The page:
The Face as an Index of Character

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THE FACE AS AN INDEX OF CHARACTER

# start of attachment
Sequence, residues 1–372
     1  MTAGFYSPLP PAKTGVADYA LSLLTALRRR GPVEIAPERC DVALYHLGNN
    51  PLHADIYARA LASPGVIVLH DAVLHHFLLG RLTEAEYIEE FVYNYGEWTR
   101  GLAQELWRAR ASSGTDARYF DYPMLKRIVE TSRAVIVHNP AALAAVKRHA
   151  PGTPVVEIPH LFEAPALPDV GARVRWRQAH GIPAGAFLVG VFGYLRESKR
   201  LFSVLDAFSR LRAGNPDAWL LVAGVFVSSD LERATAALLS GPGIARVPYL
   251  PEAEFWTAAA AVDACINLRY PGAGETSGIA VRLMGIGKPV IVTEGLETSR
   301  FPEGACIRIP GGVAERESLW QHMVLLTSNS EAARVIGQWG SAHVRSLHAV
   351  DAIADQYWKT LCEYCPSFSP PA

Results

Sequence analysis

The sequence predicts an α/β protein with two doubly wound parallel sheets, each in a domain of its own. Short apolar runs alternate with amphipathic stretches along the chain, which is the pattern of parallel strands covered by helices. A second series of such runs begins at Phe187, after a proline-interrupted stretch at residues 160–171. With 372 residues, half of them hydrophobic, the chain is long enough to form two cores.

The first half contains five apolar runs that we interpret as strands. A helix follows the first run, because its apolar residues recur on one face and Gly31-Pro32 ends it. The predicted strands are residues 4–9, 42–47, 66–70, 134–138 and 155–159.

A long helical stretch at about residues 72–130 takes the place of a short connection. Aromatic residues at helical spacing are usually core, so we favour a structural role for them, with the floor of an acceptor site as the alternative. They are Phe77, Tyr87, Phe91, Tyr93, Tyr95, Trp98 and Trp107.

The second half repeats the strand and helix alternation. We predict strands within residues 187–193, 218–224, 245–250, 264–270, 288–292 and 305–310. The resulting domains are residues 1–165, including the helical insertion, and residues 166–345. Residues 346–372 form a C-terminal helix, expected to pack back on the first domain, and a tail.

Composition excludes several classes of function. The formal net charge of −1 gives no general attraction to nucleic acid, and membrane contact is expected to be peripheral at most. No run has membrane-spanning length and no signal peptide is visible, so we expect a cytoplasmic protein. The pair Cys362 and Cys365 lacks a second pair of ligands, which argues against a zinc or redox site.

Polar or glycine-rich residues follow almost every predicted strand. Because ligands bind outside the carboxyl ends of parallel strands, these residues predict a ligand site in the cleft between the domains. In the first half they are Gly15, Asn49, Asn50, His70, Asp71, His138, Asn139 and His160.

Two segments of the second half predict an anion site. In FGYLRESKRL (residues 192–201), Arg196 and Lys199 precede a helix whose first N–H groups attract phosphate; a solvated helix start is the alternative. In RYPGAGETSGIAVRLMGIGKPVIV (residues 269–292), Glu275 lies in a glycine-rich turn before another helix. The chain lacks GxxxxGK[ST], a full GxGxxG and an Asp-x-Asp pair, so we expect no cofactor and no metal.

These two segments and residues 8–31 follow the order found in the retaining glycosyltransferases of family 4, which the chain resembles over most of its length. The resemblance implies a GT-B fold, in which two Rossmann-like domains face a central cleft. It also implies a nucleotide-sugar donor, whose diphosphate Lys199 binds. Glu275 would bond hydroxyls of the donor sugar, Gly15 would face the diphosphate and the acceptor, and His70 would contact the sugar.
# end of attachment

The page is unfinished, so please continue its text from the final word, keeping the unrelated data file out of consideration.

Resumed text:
A man’s face, if we can read it alright, generally is an index to his character. We can tell what sort of man he is by the expression of his countenance, as we can tell the species of a shell-fish by its shell; for, as a shell-fish secrets is shell, so the soul secrets its physical face. It is we ourselves who make our faces. Character is simply the sum total of confirmed habits; and as habit is formed, it slowly writes its characteristics marks on the face, and gives its own look to the eyes. It is harder to read character in the faces of young unformed children than in the faces of grown up men and women, though one can often detect meanness or frankness even in the face of a child; but the older people get, and the more fixed their habits, the easier it becomes to tell what sort of people they a e from their faces. There are certain kinds of faces which almost everyone can read. The character is written in capitals on the face. You cannot mistake the red and bloated face of the drunkard, the pride in the face of an arrogant, the crafty look in the eyes of the sneak. But it takes a trained and careful observer to read some faces, for some clever people can make their faces like masks to hide their real selves. A false-hearted man may have an apparently frank and open face; a cruel man may wear a deceptively kindly smile; rouge may look very honest sight. As Hamlet says, “A man may smile and smile, and be a villain.” But the face has always something that will betray such hypocrites to an acute observer; especially in the most expressive features, the eyes and mouth. A look in the eyes the way in which he shapes his mouth, may betray the hidden meanness, cruelty, craftiness or selfishness that lurk behind the friendly smile and the frank look. Certainly it is that dishonesty, lust and cruelty, honesty, purity and kindness, all leave indelible marks on

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